I was on a business trip last week and the gentleman sitting next to me struck up a conversation. He was aware that I worked in sports media and so we spent most of the flight talking about local Northwest teams.
At one point I mentioned that one of my big goals right now is to help business professionals understand how to leverage sports conversations at work. He thought for a moment before saying, “I think you’re on to something.”
“Tell me why.” I replied. “Can you give me an example of a time that a sports conversation or event made a difference in business?”
“Sure” he said. “Just this summer, I was attending a conference in Seattle. I work in 401K planning so you can image how dry the subject matter can be. The night before the conference started one of the vendors – a woman – arranged for a suite at the Mariners game and entertained about 20 of us during a Mariners-Angels game. You could tell that she wasn’t a huge sports fan, but she was engaged throughout the game. She cheered on occasion in between chatting with us.
“The fact that she was even there, the only female in the group, elevated her status with us. I hate to say that because I’m sure she was talented and smart in her own right, but the next day all of us wanted to talk to her because we knew she could talk about the game. We were dying to talk about something other than the boring conference materials so we talked her ear off instead of trying to strike up a conversation with someone we knew wasn’t at the game.”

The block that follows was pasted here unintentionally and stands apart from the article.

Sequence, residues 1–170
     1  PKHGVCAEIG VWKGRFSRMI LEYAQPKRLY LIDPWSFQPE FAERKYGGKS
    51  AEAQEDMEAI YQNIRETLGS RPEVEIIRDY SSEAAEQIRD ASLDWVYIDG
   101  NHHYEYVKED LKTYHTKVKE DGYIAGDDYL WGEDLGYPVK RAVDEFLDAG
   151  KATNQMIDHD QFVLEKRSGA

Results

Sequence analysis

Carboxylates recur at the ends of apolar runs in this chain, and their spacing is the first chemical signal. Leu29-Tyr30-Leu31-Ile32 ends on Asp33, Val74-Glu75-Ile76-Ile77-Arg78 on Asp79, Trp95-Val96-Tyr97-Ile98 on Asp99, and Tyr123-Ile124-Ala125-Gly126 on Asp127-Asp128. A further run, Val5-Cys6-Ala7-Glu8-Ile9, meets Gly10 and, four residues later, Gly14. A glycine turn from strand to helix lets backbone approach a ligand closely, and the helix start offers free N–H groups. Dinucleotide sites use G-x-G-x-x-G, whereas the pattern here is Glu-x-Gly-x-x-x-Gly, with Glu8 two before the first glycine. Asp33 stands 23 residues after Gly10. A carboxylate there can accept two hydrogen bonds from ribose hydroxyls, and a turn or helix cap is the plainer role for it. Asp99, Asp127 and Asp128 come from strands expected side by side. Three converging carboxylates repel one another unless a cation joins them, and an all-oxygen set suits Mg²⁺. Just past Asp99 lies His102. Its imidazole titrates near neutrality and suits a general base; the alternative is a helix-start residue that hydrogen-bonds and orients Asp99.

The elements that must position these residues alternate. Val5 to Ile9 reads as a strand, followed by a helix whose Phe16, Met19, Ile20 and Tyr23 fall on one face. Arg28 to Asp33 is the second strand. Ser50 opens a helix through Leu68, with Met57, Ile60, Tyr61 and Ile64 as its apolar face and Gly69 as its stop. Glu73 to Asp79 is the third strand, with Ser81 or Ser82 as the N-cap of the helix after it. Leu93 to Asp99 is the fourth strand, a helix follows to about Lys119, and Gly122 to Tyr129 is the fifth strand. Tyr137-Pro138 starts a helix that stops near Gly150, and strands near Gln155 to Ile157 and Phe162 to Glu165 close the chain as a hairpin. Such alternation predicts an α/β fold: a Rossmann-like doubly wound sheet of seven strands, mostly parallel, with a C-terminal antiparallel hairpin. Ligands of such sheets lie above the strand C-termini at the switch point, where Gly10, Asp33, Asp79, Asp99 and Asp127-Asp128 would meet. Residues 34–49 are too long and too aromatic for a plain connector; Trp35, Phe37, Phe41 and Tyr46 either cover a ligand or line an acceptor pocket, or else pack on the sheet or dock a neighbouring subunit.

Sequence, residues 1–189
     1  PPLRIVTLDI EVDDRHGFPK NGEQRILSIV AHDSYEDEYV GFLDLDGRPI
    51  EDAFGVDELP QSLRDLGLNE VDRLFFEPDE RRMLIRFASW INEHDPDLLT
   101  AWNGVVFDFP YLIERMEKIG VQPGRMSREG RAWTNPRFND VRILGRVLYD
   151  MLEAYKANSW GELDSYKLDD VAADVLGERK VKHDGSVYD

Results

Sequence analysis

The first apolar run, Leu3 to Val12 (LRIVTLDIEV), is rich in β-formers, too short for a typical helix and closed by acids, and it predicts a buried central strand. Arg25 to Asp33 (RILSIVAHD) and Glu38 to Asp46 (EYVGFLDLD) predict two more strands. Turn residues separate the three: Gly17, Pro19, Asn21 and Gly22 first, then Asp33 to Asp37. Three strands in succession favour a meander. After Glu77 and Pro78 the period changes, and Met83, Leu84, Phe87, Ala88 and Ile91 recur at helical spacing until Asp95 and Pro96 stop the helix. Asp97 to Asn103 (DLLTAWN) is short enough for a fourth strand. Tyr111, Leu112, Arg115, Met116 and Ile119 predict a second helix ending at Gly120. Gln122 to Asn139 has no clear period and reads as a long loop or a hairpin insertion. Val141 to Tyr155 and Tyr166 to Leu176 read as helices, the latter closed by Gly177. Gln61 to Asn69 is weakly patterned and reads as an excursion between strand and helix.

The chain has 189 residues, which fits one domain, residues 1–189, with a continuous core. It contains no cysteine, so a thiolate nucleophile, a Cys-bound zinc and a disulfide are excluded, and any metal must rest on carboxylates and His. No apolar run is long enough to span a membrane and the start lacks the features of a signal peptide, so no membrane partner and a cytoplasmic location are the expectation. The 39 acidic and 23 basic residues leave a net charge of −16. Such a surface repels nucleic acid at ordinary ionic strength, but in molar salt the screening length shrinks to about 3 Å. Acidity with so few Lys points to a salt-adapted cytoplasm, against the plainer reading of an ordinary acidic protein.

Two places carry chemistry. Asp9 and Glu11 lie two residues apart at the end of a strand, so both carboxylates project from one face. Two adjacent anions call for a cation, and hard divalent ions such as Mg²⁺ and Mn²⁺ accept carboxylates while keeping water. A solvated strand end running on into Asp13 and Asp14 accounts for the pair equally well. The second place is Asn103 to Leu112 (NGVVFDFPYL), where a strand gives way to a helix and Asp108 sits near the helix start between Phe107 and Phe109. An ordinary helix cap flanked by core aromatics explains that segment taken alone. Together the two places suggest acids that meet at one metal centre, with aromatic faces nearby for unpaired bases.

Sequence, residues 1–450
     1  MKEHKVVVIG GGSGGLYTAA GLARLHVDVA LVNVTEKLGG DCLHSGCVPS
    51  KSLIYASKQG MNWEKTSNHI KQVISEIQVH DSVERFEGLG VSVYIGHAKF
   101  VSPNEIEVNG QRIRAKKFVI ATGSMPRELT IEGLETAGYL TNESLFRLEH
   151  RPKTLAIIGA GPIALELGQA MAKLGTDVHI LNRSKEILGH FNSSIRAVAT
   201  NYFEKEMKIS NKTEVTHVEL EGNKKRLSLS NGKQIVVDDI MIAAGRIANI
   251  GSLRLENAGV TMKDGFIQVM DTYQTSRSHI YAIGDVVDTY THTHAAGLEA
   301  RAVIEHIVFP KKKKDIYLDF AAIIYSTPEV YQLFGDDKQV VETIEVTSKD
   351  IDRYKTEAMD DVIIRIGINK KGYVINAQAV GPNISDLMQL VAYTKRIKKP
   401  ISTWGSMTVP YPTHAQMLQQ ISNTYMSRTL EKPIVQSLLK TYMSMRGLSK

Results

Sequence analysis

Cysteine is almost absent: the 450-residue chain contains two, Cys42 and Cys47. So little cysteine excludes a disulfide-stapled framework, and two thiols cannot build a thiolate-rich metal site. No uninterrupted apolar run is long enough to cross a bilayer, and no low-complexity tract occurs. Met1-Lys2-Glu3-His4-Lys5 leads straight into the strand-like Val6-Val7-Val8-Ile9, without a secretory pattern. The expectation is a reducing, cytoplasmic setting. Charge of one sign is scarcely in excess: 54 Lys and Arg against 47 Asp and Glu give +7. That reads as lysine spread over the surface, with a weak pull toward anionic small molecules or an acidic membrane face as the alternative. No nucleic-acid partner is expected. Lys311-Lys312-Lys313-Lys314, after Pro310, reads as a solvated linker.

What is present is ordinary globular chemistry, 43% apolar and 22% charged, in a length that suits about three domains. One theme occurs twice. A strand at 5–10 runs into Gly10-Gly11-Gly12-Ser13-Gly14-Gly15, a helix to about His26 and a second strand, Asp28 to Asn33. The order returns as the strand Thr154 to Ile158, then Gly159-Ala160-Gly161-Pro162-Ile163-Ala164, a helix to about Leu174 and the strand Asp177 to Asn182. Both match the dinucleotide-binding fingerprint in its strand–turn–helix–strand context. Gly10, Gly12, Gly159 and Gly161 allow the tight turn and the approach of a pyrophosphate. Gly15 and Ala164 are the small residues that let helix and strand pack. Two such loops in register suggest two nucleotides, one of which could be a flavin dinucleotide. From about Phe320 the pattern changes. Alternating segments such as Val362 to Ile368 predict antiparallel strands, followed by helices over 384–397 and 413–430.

After telling me the story, the gentleman made sure to reiterate that he wasn’t trying to be sexist in describing how the game changed his view of this woman, but there was no denying it made an impact.
Here are a few things I want to point out to you in this story.
- This woman was not a huge sports fan, but she didn’t need to be. She just needed to be willing to participate in the event.
- As a vendor, she is always trying to get new clients and the number of conversations people where willing to have with her at the game and after the game greatly increased her chances of offering a sales pitch.
- More importantly, those conversations open the door for future conversations that build a business relationship.
This story feels a little bit like men vs. women when it comes to sports conversations. And like it or not, that’s often the way it’s perceived in business. There’s an assumption that men know more about sports than women or are more interested in sports than women. While that’s not the case for many women (myself included) it’s still a perception to fight.
If you’re a woman who likes sports, use it to your advantage at work. The story above shows how a baseball game elevated the status of the female vendor. You can do the same.
If you’re not a huge fan, it’s okay, you don’t have to be. Use our weekly Conversation Starters blog as a cheat sheet to get you caught up.
Questions? Comments? Stories of your own? I’d love to hear about them. Share them in the comments section